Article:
You may not be able to immediately tell, but this brand new card comes from dogs.
Pretty much everyone has heard of Pavlov. And his dogs. But there’s another important psychologist who had dogs too. And he didn’t treat them all that well.
In 1965 Martin Seligman began electrically shocking dogs in an attempt to expand on the research of Pavlov - the genius who could make dogs salivate when they heard a bell ring. For nerds, he was the brains behind ‘classical conditioning’.
Seligman’s study involved fear and learning. To condition the dogs when Seligman rang his bell, instead of providing the animals with food, he zapped them with electricity. And to keep them still, he restrained them in a harness. It was predicted that the dog would learn to associate the bell with the shock and then in the future (when released from the harness) the dog would feel fear when it heard the bell. And that fear would cause the dog to run away or show some other signs of mild panic when the bell toned.
Following the conditioning/bell-electric-zapping-time, the dogs were put back into a box with a small fence dividing it into two halves. It was expected that when the bell rang, the dog would jump over the fence to escape it. It didn’t. The dog just sat there and copped it. When they shocked the conditioned dog without the bell, nothing happened. Again, the dog simply lay down and took it. Interestingly, when the researchers put a normal dog into the same box contraption, when zapped it immediately jumped over the fence to the other side to escape it.
Unfortunately for some people who experience depression they are just like Seligman’s dogs. I know I was.
Like the conditioned dogs, who had learned more than the connection between the bell and the shock, some people with depression may believe that escape from possible shocks is futile. In other words they have somehow learned to be helpless. According to Seligman, people experiencing depression may feel that whatever they do will be futile and that they have no control over their environments. This is called ‘learned helplessness’.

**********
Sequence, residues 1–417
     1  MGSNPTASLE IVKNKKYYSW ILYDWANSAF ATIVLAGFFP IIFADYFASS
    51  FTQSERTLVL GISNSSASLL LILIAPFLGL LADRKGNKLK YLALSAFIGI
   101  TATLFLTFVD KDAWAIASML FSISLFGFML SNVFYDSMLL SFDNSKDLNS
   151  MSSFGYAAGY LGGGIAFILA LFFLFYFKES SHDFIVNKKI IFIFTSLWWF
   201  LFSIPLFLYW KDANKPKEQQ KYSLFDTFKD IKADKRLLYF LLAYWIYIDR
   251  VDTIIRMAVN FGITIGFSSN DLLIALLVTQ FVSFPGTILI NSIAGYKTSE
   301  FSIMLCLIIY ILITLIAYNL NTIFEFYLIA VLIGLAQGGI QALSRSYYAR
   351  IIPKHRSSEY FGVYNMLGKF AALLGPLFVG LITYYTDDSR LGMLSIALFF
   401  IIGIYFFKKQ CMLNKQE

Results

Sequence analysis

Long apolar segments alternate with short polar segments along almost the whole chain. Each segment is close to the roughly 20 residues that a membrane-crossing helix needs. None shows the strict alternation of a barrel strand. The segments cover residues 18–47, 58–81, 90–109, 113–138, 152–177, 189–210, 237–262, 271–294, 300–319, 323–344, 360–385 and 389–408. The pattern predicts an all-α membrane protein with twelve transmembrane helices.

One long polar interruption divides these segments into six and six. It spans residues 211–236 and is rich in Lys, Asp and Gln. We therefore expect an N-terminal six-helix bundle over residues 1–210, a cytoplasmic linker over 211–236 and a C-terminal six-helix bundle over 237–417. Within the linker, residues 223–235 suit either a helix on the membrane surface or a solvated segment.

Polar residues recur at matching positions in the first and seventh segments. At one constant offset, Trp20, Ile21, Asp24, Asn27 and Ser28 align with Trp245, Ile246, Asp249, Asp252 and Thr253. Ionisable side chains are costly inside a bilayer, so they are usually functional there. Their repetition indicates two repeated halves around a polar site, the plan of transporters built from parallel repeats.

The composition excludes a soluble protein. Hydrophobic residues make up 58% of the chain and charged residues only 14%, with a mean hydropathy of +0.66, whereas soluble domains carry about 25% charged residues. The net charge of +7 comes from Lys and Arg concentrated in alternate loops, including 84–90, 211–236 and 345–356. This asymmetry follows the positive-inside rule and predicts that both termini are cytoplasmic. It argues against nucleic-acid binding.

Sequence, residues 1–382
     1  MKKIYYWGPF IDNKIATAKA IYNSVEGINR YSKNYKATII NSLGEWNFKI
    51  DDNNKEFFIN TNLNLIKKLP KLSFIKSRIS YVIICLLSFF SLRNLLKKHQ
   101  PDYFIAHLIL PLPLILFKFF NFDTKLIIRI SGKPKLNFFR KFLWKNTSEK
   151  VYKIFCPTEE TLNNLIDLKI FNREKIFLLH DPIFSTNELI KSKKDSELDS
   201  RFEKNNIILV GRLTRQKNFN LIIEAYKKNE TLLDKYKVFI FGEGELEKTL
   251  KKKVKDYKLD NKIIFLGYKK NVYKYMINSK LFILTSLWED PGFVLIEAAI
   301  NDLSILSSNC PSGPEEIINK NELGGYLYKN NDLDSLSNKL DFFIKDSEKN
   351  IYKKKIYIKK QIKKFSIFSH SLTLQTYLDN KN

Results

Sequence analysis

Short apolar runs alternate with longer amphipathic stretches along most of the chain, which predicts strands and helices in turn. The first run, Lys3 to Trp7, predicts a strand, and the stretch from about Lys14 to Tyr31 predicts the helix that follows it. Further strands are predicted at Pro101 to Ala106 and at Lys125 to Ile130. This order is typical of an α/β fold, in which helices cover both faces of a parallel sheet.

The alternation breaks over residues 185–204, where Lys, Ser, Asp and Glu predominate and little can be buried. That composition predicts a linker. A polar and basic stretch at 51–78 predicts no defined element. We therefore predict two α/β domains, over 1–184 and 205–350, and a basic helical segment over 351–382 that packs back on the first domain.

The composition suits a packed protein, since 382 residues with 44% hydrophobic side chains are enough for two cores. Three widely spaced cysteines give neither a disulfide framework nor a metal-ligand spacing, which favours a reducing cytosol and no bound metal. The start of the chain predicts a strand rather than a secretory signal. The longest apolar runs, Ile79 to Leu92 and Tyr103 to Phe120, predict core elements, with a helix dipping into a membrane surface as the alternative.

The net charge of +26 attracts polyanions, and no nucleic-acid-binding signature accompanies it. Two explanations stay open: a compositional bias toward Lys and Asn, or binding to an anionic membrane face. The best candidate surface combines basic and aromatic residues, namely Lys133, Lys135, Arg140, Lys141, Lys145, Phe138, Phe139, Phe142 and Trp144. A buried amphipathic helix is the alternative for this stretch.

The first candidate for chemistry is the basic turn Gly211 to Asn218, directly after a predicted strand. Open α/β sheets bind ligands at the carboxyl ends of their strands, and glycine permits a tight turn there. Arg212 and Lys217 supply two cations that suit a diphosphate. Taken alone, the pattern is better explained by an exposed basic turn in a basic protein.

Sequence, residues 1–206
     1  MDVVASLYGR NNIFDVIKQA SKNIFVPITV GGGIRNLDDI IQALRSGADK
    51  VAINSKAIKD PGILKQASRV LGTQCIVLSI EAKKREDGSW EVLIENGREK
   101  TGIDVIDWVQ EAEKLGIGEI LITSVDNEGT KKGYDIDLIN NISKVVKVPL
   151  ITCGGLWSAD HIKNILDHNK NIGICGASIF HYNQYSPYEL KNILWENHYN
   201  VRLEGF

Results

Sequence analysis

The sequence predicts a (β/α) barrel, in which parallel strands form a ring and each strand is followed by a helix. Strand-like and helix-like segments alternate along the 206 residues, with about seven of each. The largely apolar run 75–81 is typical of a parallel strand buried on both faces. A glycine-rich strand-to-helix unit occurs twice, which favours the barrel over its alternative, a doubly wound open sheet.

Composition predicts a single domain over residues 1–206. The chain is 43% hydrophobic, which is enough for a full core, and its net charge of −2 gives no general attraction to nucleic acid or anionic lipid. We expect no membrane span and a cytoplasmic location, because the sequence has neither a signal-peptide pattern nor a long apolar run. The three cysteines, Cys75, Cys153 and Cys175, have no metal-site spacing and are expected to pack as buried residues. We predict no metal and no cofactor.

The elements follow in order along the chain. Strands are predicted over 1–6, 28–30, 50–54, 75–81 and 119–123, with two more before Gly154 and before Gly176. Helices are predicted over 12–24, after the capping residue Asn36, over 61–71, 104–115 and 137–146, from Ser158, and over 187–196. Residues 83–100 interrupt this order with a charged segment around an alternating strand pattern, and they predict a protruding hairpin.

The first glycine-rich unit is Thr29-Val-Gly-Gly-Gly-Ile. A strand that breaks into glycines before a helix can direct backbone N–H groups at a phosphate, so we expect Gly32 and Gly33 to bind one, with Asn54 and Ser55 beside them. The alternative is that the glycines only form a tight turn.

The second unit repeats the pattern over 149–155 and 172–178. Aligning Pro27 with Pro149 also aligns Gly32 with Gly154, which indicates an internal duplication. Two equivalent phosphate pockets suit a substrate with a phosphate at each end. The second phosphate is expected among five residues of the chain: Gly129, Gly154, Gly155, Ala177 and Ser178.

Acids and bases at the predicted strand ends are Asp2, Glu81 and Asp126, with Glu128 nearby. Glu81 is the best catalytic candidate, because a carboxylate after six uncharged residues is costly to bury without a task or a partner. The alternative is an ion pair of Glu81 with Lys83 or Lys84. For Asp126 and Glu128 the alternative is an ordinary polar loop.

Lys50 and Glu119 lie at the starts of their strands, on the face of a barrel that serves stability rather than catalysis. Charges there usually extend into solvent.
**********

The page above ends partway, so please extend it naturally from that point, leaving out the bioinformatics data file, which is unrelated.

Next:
Seligman proposed that individuals who - over the course of their lives - had experienced defeat or abuse or loss of control, learned over time that there was no escape. To the point that if an escape was offered, it wouldn’t be acted upon. Initially this theory didn’t really explain how people who hadn’t experienced negative life events ended up going on to experience depression, so Seligman added in some important cognitive or thinking style components.
Studies of people with depression reveal that when these people fail they often will give up and stop trying. Whilst most people will look for external reasons and factors to explain failures, people experiencing depression will hold much stronger views – “It’s my fault”.” I’m stupid.”
Imagine having to carry these thoughts around with you – constantly - whilst feeling – constantly - shit and sad. It’s not then hard to imagine that an extended period of these feelings and thoughts could lead you to giving in to despair and accepting this as reality. Learned helplessness is very closely linked to a loss of feeling in control.
In 1976 Langer and Rodin found that in nursing homes where conformity and passivity is encouraged and where every patients need is attended too, the health and wellbeing of patients’ declines rapidly. In contrast, the patients in nursing homes who were given choices and responsibilities remained healthy and active. This research was repeated in prisons, finding that if inmates were able to move furniture around and control the television this kept them from developing health problems.
When someone is experiencing depression, there’s a strong possibility that feelings of helplessness might begin to occur and may become totally overwhelming. Making small choices and achieving daily tasks, like getting dressed or having a shower, are the things that can hold someone back from the crushingness of learned helplessness. And for someone with depression these tasks are not just tasks, they are massive fucking achievements. When you can succeed at something small, harder tasks might feel more possible. But if you don’t notice what you’re achieving, everything will seem too bloody difficult and useless.
Remind your loved one that you can unlearn learned helplessness. Don’t let them give in to it yet. Celebrate ALL the achievements.
You can find the card here.